…now lay it back down and sew the tummy, continuing on up around the head.  Leave a gap for flipping the bird… wait!  Did I really just say that?  Well, at this point, I bet you feel like flipping *me* the bird, but wait.  You’ll like me again by the end, when your bird is staring back at you, demanding that you be nice.

9.  Your bird should now look like this:

10.  I cut off the extra fabric at the beak and tail points, but that’s about the only contour work I do.  If you want to snip the curves… have at it!

11.  Now turn the bird right-side-out, stuff as you please with filling, and hand stitch the small opening in the back closed.

You are almost there!  I usually leave the thread attached and come out about where I want one of the wings to attach.

I let the bird rest like that (well, as much as the poor thing can rest with a metal spear slicing through his little body) while I whip out the two wings…

12.  Line up the three layers of wing pieces with the two good sides out and the felt piece in between, like this:

13.  Sew around the outer edge, then trim the excess off, leaving a cute raw edge, with a peek of the contrasting felt visible.  Notice how the wing curls slightly, I like to enhance that curl by rolling it up for a moment, and then when I sew the wings on, I like them to be curling away from the body on each side… so cute!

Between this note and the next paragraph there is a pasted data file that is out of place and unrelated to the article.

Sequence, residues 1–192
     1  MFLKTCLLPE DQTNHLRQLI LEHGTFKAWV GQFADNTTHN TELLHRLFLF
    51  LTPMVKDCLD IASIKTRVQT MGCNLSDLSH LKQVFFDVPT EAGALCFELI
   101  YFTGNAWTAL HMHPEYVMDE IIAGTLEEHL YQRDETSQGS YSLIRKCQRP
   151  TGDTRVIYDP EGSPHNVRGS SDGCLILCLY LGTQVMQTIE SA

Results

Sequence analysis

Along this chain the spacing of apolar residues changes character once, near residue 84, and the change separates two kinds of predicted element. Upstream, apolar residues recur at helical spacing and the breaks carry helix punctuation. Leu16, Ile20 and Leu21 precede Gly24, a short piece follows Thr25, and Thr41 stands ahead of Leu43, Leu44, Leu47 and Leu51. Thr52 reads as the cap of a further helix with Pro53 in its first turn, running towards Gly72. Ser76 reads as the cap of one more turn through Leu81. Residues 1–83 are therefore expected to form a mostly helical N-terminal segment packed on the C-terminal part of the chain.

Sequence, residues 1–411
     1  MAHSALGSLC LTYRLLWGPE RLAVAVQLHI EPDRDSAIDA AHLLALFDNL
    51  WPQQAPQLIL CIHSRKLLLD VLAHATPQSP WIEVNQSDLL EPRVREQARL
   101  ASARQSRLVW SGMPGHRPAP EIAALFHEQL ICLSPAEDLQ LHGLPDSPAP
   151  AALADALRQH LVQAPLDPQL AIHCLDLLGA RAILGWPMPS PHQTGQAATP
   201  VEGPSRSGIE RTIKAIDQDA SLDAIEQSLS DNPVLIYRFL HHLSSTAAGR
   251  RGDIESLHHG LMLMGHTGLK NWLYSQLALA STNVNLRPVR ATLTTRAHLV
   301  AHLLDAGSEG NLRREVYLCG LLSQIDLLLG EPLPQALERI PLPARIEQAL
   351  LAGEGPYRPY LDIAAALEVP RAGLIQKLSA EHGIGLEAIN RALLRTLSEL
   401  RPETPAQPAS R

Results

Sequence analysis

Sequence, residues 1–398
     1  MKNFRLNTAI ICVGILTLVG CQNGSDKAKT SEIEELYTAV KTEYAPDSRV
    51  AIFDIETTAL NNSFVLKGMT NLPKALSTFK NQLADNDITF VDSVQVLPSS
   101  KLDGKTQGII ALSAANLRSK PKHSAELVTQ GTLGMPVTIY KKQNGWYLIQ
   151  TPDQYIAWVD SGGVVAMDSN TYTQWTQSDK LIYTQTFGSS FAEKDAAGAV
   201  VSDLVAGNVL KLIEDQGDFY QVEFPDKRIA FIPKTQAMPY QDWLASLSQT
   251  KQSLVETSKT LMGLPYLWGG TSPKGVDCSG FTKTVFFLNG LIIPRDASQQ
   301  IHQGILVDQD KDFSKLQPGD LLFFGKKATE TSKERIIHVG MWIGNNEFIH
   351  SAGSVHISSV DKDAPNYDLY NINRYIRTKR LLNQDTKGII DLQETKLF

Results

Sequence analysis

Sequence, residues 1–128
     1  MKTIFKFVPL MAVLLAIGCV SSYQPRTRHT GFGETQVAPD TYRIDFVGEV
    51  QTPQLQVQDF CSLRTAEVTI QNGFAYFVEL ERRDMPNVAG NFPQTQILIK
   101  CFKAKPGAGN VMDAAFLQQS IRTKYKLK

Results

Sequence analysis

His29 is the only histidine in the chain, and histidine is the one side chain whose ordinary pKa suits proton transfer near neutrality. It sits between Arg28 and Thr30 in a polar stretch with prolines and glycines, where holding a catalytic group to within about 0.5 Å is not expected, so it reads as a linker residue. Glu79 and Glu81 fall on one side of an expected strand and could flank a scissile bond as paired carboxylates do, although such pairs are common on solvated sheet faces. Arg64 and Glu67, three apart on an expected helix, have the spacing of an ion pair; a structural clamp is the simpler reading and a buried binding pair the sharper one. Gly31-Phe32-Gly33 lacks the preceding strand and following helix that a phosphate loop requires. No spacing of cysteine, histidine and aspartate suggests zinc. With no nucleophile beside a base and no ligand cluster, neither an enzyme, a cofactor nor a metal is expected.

14.  So here is whatcha got:

15.  All that is left is for you to sew the wings on!  Yippee!  Just sew one wing on (along with it’s button) and go through the bird to sew on the other wing.  Tie a knot and bury the end of the thread in the body of the bird.

16.  Yea!  You made it!  Your bird is so proud of you! And I am too.  As long as you didn’t actually flip me the bird while making it.

You can perch this bird on anything you can think of.  These particular birds were used in my shop on birdhouses and a wall organizer.  If you didn’t make it through, and you would rather have me make you one, just visit my shop!

I am happy to share my secrets with you… but please only make these birds for your own personal use, and do not use them in items that you sell.  Also, if you like this tute, I’d love if you spread the word… I’m trying to get my blog to grow!  I’ve added water and soil and plenty of sun, but I’d love your word of mouth too, just to be sure 🙂  xoxo